The world heavily believes in Blockchain’s triumphalism, blinded by media coverage and Venture Capitalists who make grand, sweeping gestures by investing millions into Blockchain companies that we barely understand. As many are quick to jump into the crypto-game without understanding the technology’s value, purpose, and future.
I’d like to give you a small introduction about who I am and why I am interested in Blockchain. I am a law student and a musician. I have had the unusual opportunity of being able to travel internationally as a musician while also furthering my legal education. I ran a musical at the Sydney Opera House for a month straight, and I wish I could explain how that was even possible; however, I had a lot of downtime, so I spent my days reading about Blockchain, it’s capabilities, and it’s awkward dance with international regulations.
We Don’t Know what Blockchain is Actually Capable Of
Blockchain has capabilities beyond measure, and it is going to take time for the technology to be implemented into the backbone of every country’s infrastructure. This summer, countries like Thailand, Korea, and Singapore, created their own regulation administrations or boards to control anti-money laundering and fraud in cryptocurrency. In theory, countries are finding ways to combat the systemic issues that come with using Blockchain, which is that money is being used for criminal purposes or it is acquired unlawfully. Like many securities before crypto, people will find loopholes and exploit aspects of the new security because it is barely understood. That prevents us from seeing Blockchain’s true purpose. By being burdened by the constant misuse of Blockchain, the public is blinded by what Blockchain is set out to accomplish. In 2017, Deloitte found that 26,000 Blockchain projects launched the previous year became idle. Some may argue that this is because funding is diminishing for Blockchain startups, yet without knowing how Blockchain will benefit society, most of these companies are speculative. Not only will these companies struggle to find investors, these companies will fall into legal traps where they are likely to violate regulations already in place. As laws develop, companies will emerge; as companies emerge, laws will slow down the company’s development; it’s a cat and mouse scenario.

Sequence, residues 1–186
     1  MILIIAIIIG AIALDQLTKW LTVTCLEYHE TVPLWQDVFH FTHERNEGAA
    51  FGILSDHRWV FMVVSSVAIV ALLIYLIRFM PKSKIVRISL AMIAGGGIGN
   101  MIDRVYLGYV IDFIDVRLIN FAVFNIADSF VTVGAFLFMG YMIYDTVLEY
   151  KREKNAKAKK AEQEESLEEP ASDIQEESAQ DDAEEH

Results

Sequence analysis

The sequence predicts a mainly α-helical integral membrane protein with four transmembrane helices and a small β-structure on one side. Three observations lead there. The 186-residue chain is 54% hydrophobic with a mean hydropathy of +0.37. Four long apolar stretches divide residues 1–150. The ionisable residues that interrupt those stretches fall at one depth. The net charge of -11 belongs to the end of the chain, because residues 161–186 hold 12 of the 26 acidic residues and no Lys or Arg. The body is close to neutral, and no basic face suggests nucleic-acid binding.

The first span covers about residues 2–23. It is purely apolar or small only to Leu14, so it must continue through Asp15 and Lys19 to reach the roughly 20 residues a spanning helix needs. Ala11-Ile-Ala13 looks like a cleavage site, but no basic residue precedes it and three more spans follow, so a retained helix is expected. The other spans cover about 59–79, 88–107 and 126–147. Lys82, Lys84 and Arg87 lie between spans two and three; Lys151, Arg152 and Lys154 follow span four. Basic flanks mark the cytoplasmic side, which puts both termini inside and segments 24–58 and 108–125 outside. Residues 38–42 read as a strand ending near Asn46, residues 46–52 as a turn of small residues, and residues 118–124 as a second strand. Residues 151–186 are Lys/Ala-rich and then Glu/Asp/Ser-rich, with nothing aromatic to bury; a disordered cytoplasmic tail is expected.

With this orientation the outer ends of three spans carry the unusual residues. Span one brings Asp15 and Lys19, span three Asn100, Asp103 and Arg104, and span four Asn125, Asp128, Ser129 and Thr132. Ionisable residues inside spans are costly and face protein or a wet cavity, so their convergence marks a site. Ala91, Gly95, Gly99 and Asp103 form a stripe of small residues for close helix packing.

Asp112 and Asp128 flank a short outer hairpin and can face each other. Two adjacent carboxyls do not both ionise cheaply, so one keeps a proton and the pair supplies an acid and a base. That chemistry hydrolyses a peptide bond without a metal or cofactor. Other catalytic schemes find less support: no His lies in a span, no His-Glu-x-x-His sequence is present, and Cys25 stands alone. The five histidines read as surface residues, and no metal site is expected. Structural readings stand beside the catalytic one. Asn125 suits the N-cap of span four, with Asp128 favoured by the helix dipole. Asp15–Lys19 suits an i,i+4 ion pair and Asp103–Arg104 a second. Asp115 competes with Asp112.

ICOs Need to Follow Regulations That Already Exist
Sound businesses should generally follow laws already in-place, and they should understand them. I am not a lawyer, this is not legal advice; nor am I a businessman; I am certain this will be refuted in some way; but I do believe that cryptocurrencies are a hybrid of “security-commodity” that should follow SEC protocol in the US, as well as reasonable regulations internationally. There is a reason why the SEC continues to freeze companies like Telegram for not registering as an ICO (Initial Coin Offerings). Understandably, companies are trying to strike while Blockchain is hot, but that should not prevent companies from being patient when it comes to following the SEC’s regulations. U.S. Supreme Court in SEC v. W. J. Howey Company defined an “investment contract” as a contract, transaction, or scheme in which 1) a person invests money in a common enterprise, 2) with a reasonable expectation of profits, 3) to be derived solely from the entrepreneurial or managerial efforts of others. I won’t go any further. The law in this case speaks for itself. For more, click here. http://bit.ly/2pUTilp